O.K. PROBIO5 is the currently debated topic along with threelac.
I just have one question: How can something that sounds so gross (Enterococcus Faecalis) actually be good for you? If it is I stand corrected (and please correct me), but this is the main reason that I bought PROBIO5 a while ago.
This information was sent to me today direct from GHT. This should help in clearing up the misunderstood ingredient in the product.
The three probiotic organisms in ThreeLac are known to be assertive toward some of the more common strains of yeast and fungi. Similar to, but not identical to acidophilus, bifidus and other friendly flora, ThreeLac organisms works well along with those, but do not replace the other friendly flora in their specific functions. These organisms are:
Bacillus Subtilis – A gram-positive, rod-shaped, endospore-forming, aerobic bacterium. It is found in soil and is non-pathogenic The value of externally-supplied live bacteria for the maintenance of health in humans has been recognized both scientifically in the published literature and commercially in the availability of probiotic products. It has been found to be harmless to humans or the environment.
Bacilus Coagulans – A gram-positive, endospore-forming, lactic-acid producing bacterium used in Japan for over twenty years. It represents a significant breakthrough in Lactobacillus supplementation as a safe, effective probiotic which needs no special handling, survives in stomach acid. Bacillus Coagulans is considered semi-resident, meaning that it takes up only temporary residence in the human intestines.
Enterococcus Faecalis - Enterococci are gram-positive, spherical bacterium that colonize in groups or chains. This organism is naturally found (resident) as part of the digestive tract flora in intestines of mammals, including humans. 3 In the healthy intestinal tract they take their place among hundreds of other friendly flora and function as part of the normal eco-system.4 Clinical studies have been performed on certain strains of Enterococcus Faecalis, showing them to be non-pathogenic.5 The ThreeLac manufacturer has given assurance that the Enterococcus Faecalis strain used in ThreeLac does not have the virulent properties of some other strains. These three strains do not come from animals; they are isolated, purified and cultured by growing them on nutrient media, according to the manufacturer.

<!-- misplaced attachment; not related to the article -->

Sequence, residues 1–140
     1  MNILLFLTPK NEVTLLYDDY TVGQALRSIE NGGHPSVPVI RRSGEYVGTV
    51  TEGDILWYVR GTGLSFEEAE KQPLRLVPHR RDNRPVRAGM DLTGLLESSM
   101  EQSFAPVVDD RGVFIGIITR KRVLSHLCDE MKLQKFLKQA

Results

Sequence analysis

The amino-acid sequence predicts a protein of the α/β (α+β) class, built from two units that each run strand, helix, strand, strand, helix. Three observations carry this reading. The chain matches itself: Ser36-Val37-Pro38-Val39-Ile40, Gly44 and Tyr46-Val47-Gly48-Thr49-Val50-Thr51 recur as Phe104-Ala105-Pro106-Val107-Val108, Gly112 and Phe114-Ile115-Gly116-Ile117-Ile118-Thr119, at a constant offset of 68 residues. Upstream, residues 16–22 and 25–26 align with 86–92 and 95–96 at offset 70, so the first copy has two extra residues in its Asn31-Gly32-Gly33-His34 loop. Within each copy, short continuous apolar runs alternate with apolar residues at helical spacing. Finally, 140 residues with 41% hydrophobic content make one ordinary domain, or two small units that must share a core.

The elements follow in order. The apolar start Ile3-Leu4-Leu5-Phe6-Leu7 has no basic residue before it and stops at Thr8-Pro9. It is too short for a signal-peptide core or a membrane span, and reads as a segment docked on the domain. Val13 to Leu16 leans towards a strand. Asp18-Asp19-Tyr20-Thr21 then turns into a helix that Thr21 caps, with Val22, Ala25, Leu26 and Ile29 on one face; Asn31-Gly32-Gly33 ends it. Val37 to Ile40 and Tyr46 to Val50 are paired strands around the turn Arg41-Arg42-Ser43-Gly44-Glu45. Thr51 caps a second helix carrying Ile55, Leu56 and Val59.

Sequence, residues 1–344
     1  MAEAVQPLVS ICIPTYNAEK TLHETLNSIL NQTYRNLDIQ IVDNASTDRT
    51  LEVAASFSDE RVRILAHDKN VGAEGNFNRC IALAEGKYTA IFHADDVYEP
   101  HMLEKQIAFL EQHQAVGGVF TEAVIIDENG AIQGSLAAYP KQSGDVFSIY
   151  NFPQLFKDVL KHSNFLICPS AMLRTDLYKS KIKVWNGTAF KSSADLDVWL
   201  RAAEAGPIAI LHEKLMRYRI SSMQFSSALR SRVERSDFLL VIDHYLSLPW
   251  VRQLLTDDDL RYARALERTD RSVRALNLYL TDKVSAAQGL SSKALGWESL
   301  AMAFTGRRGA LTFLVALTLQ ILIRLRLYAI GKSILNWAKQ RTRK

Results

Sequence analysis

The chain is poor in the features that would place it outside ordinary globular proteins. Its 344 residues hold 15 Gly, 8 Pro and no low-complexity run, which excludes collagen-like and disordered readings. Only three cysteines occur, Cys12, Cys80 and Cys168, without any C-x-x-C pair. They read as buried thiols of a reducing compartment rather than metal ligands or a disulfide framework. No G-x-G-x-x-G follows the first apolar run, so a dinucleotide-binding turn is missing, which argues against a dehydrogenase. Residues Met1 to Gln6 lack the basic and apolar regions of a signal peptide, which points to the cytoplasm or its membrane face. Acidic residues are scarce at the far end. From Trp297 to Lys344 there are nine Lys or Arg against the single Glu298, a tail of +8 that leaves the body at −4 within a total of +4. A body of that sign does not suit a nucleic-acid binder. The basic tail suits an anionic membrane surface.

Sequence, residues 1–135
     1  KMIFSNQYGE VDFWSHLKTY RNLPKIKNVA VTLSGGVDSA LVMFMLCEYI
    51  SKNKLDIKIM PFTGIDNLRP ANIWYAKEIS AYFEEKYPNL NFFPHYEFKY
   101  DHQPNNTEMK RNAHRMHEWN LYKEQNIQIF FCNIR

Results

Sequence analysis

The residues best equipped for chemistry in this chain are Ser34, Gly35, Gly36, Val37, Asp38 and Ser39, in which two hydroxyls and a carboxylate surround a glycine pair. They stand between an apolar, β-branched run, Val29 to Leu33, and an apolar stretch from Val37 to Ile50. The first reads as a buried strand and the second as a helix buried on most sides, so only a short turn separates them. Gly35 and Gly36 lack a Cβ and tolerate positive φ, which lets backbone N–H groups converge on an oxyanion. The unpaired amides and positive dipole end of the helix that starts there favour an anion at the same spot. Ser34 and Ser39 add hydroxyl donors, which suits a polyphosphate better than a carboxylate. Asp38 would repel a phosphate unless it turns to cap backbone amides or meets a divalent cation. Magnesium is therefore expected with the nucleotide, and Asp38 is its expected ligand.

We are sometimes asked if taking too much ThreeLac could produce an overgrowth of these organisms,
and the answer is that it could not. ThreeLac has been a top in-demand GHT product and has been used successfully by tens of thousands internationally. Those, however, who have compromised immune function or who are under the care of a physician should consult with their healthcare practitioner before taking ThreeLac, as with any product new to them.
Enterococcus faecalis is an opportunistic bacterium that has become one of the most troublesome hospital pathogens. It has intrinsic resistance to many antibiotics and a remarkable capacity for developing resistance to others
Enterococcus faecalis is a Gram-positive, facultatively anaerobic, cocci which occurs singly, in pairs or short chains. It is a normal inhabitant of the intestinal tract and female genital tract.
Scientists have identified a virulence region never seen before in the genome of Enterococcus faecalis - a leading cause of bacterial infection among hospital patients. This bacterium lives peacefully in the human gut, but it also thrives on wounds and burns. Researchers have identified a group of genes that may contribute to the bacterium's transformation from being harmless in the gut to a menacing invader. There has long been concern about the dangers of antibiotic resistance and its implications for the return of infectious diseases that cannot be effectively treated. It is argued that hospitals are not only spreading bacteria from patient to patient, but are also harbouring a tougher breed of bug-one that is resistant to antibiotics.
The sequencing of the genome reinforces knowledge of the remarkable fluidity of the bacterial gene pool. This fluidity allows bacteria to exchange DNA to enhance their ability to cause disease or their resistance to antibiotics.
Generally these microbes live harmlessly in the intestine however until the entire genome was sequenced, scientists did not realise that a quarter of enterococcus' genome is made-up of mobile DNA and within these regions are genes for vancomycin resistance and for virulence. Vancomycin is the last-resort antibiotic in fighting infection.
Enterococcus faecalis is extremely hardy and can survive for weeks on environmental surfaces; cheese - 180 days; soil up to 77 days; soiled linen up to 90 days, cultures at -70� C for several years.